The Great Untranslated: O Megas Anatolikos by Andreas Embirikos

MegasAnatolikosThis is to inaugurate a new category of this blog. It will be an idiosyncratic overview of works not translated into any language that I can read or not translated at all, but which, judging by the secondary sources,  seem to me not only tantalisingly interesting reading matter but also an important contribution to world literature.

I would like to begin with Andreas Embirikos, the famous Greek surrealist poet, and his epic novel O Megas Anatolikos (The Great Eastern). Embirikos worked on this meganovel for more than two decades, and it was published only after his death in 8 volumes. The novel has 100 chapters and clocks in at more than 2000 pages. The main characters of the work are the passengers of the ocean liner the Great Eastern travelling from Liverpool to New York in May, 1867. The action takes place within 10 days, but despite this, it is not so much Boccaccio’s Decameron this notorious book has been compared with, but rather Donatien Alphonse François’s The 120 Days of Sodom. The novel is said to contain lots of extremely explicit scenes, and this  translation of the more innocuous passages might give you the idea. Follow this link with caution: definitely not-safe-for-work type of content! One can imagine something like a voyage of the ship Anubis from Gravity’s Rainbow described in minute detail over a couple thousand pages. In the open ocean, far from the shore and unaffected by any social constraints and taboos, the passengers of the ship indulge in all possible hedonistic pursuits many of which might be mildly called perversions. Besides the Marquis de Sade, the volume is also an obvious homage to Jules Verne’s nowadays obscure A Floating City. It is  a sea adventure novel  set on board of the Great Eastern in which a woman  travelling with her husband realizes that the man she is in love with is among the passengers. Jules Verne got his inspiration by actually taking a transatlantic trip to the United States on this ship with his brother in 1867.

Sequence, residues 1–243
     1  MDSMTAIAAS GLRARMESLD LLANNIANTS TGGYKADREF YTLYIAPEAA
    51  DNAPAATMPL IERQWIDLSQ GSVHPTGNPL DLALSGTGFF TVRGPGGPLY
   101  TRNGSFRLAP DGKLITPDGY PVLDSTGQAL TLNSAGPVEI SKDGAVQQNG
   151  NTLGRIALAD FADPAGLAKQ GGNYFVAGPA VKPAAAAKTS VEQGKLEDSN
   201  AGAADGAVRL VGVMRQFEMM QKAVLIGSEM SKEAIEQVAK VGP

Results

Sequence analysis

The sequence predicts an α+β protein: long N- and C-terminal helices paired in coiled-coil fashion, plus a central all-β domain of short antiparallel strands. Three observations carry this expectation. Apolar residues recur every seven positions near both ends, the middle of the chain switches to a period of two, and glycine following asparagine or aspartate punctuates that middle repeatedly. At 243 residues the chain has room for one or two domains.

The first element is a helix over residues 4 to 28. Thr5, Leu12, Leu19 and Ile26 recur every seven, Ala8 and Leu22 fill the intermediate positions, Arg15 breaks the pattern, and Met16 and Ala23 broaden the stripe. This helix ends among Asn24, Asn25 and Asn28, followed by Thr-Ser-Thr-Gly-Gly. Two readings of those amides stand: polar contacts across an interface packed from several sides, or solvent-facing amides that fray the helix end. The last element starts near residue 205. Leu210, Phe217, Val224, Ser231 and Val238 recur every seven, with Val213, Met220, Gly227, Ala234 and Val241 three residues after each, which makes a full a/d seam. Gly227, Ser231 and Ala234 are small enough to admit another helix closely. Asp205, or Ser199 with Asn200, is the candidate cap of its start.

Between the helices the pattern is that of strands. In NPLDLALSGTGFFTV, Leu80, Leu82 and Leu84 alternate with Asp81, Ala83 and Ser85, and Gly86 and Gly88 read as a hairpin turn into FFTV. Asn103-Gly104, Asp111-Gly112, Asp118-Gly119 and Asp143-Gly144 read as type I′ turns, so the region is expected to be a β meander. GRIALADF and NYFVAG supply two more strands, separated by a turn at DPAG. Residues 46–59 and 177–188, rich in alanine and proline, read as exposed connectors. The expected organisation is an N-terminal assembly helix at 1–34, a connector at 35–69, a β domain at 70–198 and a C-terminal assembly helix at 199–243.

Great Eastern at Heart's Content, 1866

Great Eastern at Heart’s Content, 1866

The publication of the novel made quite a splash in Greece, dividing the reading public into belligerent opponents and ardent supporters of Embirikos’ magnum opus. It is worth noting that among the champions of the novel  was the Nobel Prize laureate Odysseas Elytis who admired its visionary quality. According to him, in contrast to the Marquis de Sade who used sexual subject matter to depict hell on earth, Embirikos employed the same material to create paradise. Thus the liner comes to represent some kind of sexual utopia and universal celebration of eros flying in the face of the strait-laced Victorian society.

You can find some additional information on Embirikos’ works on the website of the poet’s Greek publisher Agra. As far as I know, there isn’t a separate volume of Embirikos’ poems available in English translation yet, and in order to at least have some idea of what it is about you might have to check this anthology of Greek surrealist poetry or the mammoth A Century of Greek Poetry 1900-2000. There is no any information even about some plans to translate The Great Eastern into any language. All we have to content ourselves with for the time being is his poetry.